bridges

orphan train

They are building a bridge near my house. It will carry the highway over the Seekonk River. Every morning, the traffic moves slowly across the old bridge – there are trucks and cranes and construction crews. Piles of stone and concrete. As I drive home from dropping my son off at school, I can see the arches are in place. There are steel cables hanging down, and for a moment, when I look quickly, I think I see something – imagine I see a human form, dangling.

It is not, of course, but the image lingers and I am reminded of a movie I saw as a child. It was called Orphan Train and I remember being curious because of my own beginnings. The film is set in New York City in the late 1800s. I remember little of the story, but the opening sequence has remained with me all these years. Barely ten minutes in, there is a hanging. There are dozens of children - orphans - sitting down to a meal at a social welfare center when another child opens the door, yells in that “It’s time.” The children race out to the street and into a public square, where the gallows are visible. A crowd has gathered. A boy is led out, dirty, disheveled. He stops to talk to another boy, one of the orphans. He leans down and takes off his shoes, hands them through the wooden fence to his friend. “Take them,” he says. “You’re my friend and I want you to have them.”

The music swells. The boy is led up the stairs to the platform. His sentence is read aloud. He is fifteen years old, convicted of burglary and assault and is to be “hung by the neck until dead.” The boy begins crying as the rope is brought down around his neck. The music reaches its fevered pitch as a wooden lever is pulled and the trap door beneath the boy is released. The camera lingers on the rope looped around the crossbeam of the gallows – pulled taut now, with the boy’s weight.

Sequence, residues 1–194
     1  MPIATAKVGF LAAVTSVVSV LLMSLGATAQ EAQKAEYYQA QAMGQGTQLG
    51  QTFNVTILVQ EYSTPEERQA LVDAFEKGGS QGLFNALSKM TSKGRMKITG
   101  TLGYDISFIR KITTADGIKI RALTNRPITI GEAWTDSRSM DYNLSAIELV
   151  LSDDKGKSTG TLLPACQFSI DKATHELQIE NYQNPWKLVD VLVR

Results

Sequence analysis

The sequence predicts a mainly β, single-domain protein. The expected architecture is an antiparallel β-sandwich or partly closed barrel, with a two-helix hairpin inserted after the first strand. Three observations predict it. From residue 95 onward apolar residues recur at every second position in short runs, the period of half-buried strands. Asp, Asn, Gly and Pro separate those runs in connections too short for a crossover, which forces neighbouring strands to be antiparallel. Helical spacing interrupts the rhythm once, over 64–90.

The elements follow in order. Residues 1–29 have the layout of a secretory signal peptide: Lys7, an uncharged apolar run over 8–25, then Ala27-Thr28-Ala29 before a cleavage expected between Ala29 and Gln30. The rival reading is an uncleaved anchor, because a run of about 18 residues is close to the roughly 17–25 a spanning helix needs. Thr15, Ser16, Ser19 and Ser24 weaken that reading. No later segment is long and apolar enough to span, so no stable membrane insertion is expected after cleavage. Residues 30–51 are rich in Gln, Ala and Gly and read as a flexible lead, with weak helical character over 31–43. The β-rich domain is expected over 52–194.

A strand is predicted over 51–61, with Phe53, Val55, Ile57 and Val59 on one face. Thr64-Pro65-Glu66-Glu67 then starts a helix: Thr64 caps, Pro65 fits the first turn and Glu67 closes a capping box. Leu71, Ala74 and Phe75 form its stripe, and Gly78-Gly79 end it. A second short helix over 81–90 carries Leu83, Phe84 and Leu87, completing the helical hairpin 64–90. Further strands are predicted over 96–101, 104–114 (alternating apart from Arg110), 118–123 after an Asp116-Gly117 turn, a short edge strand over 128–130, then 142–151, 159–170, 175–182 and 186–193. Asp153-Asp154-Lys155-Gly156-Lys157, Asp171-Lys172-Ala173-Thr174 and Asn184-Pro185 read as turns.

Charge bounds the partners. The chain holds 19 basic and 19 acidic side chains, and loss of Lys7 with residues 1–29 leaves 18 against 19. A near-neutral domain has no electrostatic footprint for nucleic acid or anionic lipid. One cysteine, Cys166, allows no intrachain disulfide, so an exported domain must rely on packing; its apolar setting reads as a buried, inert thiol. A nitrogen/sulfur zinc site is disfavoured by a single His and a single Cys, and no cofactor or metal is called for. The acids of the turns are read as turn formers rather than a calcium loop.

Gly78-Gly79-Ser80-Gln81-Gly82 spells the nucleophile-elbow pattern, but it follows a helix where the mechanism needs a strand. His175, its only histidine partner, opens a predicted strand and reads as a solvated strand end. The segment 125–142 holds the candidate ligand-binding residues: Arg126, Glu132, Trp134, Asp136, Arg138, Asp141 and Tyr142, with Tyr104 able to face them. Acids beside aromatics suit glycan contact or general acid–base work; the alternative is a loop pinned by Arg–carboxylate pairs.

At the funeral of my dear friend S. many years ago, we stand in the back of the chapel, my friends and me, while her relatives kneel and pray near her casket. Back here, we are closer to the photos of her – laughing, dancing – blissfully alive. We whisper to each other about the things we most want to remember. We hold the laminated prayer cards with her photo in our hands, turn them over and over, rub at her image with our thumbs, craving touch. We, who knew her longest say to her husband, “She loved you so much, you made her so happy.” They have been married a year, maybe two. He says, “She was just so easy to love.” We all nod, hold each other up. Yes, yes.

He moves away, the husband. Years later, he remarries, has children. We hear news of him now and then. His words stay with me, like a state of being to which I should constantly aspire: “She was so easy to love.”

My friend, barely forty-five, battles cancer. One evening, we are out together and she says she’s not feeling well, doesn’t know how long she can stay. We have ordered drinks and small plates, and as they arrive at the table, she slides off her chair, collapses to the floor. I call her husband. I ride with her in the ambulance, hold her hand. When we arrive at the hospital, her husband is there, waiting, so I leave them, wander the halls. I call home. M. comes to get me, takes me back to my car that I have left downtown. I move through the evening like I am sleepwalking. Shaken, confused.

It takes her the better part of a year to recover. When she is stronger, we have a party for her and toast her with champagne. We sit in the beautiful, gracious home of one of her dearest friends and eat fruit and cheese from delicate plates. We laugh and touch each others’ arms and hands. We talk about our children. It is a bright, cold day and the early afternoon sun streams in, falling across the upholstered chairs. I look around the room at us all and wonder at whose home we will gather next, and for what occasion – the bridal and baby showers of the last decade having slowly given way to this.